Anyway, like I said, I was in a bad mood last night. But, I woke up this morning and made the choice to not carry it into the next day. I call it selective memory–and not the kind that happens when you black out! I also got some rejections to my story pitches. But, I made the choice to forget about it and move on–there are a hundred reasons as to why, none of which involve me, personally, or my talent, ability, and motivation to do a good story.

Slowly but surely, I’m coming ’round. The things I didn’t want to talk about last year, I’ve confronted. I’ve dealt with past trauma and mended my ways, so to speak. Some of the things I cut out last year, I’m adding back in. Mostly, things are righting themselves. Just the act of stopping drinking fixes a lot of problems that you don’t necessarily want or need to face all at once, head-on, right when you get sober. Some of the most painful of the ruminating is caused by the drinking; some of it, in the case with depression or anxiety, is not. It’s up to you, and your honesty with yourself, to figure it out. And, figure it out you will. Just not all at once.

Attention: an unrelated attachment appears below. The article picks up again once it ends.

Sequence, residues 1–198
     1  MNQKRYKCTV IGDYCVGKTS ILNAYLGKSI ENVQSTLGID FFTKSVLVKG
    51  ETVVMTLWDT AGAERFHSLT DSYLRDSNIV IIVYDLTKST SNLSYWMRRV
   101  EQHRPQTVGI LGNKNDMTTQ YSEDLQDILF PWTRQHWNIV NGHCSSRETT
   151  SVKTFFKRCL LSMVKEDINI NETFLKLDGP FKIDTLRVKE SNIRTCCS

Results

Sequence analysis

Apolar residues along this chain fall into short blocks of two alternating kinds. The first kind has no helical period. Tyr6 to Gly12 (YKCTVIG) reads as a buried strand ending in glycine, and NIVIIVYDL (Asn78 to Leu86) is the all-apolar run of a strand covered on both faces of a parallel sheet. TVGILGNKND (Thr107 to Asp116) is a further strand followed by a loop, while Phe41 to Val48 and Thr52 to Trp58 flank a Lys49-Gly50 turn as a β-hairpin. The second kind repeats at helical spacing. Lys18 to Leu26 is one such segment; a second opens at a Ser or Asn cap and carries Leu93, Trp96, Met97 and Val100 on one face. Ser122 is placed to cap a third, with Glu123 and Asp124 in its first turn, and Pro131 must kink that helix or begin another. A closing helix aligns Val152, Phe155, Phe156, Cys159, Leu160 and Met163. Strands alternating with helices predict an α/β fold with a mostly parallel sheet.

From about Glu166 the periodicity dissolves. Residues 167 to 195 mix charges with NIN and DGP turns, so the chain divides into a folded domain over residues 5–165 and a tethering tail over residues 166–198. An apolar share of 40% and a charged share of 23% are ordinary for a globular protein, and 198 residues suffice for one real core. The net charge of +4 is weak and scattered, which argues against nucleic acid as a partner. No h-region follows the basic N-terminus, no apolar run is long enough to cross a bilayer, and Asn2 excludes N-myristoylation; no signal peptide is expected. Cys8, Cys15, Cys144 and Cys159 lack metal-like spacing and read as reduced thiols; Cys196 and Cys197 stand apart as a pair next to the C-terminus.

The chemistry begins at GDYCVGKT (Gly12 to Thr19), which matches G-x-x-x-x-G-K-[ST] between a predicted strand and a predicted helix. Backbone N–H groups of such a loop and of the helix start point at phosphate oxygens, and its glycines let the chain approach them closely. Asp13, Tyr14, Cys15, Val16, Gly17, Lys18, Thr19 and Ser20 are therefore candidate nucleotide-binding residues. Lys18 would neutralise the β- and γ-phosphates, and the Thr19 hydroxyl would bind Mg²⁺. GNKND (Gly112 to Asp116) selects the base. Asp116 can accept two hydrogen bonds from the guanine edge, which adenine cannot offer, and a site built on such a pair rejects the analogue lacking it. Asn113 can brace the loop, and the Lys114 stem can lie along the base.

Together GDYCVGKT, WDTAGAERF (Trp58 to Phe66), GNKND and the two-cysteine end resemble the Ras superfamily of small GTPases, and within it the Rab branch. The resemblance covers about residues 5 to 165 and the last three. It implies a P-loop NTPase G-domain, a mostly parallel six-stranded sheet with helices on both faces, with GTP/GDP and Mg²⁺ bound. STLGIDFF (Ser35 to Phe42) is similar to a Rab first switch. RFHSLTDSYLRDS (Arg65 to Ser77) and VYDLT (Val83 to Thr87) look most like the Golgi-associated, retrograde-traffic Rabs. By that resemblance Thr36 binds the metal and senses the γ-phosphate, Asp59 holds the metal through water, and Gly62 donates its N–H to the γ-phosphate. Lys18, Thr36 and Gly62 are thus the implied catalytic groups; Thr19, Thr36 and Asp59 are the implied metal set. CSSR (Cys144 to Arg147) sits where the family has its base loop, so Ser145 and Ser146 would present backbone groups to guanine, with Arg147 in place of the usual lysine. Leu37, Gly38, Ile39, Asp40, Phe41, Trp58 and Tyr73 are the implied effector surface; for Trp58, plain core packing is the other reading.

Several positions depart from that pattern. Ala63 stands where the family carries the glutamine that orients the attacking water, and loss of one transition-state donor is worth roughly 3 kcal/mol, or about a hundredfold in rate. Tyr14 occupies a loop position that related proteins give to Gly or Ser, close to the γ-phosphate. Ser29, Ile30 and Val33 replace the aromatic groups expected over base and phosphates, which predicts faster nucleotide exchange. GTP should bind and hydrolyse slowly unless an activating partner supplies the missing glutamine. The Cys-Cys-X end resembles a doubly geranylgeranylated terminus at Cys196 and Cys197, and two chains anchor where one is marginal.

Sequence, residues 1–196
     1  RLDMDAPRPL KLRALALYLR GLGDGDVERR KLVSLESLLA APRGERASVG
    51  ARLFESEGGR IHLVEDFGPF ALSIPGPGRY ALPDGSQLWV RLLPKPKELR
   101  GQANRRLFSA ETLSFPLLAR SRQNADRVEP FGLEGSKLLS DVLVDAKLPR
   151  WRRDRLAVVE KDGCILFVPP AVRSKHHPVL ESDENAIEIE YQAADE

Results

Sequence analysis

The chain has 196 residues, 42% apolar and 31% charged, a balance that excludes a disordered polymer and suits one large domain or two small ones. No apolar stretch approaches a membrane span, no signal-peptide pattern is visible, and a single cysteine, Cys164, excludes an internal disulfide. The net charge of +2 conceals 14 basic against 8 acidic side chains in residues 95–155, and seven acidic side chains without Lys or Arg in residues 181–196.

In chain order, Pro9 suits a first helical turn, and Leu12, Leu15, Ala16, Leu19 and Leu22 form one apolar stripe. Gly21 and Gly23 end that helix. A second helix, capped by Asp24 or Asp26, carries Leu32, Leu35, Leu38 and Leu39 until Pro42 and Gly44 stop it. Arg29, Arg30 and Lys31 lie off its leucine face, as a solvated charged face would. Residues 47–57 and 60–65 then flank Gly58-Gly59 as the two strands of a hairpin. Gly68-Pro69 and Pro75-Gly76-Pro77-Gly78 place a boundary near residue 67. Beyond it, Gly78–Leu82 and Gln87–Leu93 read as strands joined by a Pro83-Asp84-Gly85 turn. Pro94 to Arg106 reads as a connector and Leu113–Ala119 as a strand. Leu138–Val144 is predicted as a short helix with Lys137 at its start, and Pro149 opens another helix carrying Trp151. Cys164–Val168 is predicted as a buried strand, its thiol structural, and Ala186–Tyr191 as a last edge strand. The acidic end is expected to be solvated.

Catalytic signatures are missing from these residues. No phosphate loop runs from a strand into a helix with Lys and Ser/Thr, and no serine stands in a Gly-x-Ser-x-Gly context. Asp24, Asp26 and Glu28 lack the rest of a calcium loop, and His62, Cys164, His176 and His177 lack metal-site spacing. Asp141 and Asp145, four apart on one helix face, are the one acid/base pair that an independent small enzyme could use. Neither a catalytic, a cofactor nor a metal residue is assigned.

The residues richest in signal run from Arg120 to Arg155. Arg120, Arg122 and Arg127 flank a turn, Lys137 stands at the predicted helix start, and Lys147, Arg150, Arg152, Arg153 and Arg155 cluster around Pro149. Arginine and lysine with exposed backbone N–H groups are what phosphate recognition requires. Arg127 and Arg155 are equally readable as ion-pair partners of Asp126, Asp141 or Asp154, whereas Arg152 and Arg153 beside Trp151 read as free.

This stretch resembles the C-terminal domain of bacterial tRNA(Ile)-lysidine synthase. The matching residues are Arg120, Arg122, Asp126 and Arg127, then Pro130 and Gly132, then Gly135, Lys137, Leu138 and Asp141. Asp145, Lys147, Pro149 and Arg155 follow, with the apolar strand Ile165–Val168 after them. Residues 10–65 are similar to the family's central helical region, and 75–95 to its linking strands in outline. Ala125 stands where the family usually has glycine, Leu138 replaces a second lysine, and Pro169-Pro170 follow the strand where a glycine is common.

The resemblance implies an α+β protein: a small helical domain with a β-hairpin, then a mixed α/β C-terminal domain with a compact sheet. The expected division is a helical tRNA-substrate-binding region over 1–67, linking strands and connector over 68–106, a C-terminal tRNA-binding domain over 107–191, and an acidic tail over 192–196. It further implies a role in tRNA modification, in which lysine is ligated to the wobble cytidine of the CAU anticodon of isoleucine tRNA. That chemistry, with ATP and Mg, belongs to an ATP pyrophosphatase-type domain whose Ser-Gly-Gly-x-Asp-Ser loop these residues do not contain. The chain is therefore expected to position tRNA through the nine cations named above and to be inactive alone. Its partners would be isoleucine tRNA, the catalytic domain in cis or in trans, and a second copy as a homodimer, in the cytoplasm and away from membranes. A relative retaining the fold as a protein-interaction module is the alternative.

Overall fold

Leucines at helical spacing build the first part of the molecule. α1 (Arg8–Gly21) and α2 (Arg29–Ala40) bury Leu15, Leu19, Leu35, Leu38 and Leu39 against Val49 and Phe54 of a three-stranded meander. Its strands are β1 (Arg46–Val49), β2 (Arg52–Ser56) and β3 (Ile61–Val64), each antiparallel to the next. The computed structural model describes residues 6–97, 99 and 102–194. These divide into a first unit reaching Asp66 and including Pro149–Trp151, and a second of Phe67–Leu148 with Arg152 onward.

Looking back, this has been a great year. I wish some things would’ve happened sooner (as in, socializing leads to networking leads to a job leads to a savings account), but they didn’t. Oh, well, that’s been my process. Drive your own drive, as one of my friends likes to say.

More days, is what’s next

29 Sep

11:45 am

Well, I’ve had two weeks to sort of “toy” with the idea (just an idea) of drinking again. Starting drinking again. Whatever that means, I’m not even sure. And…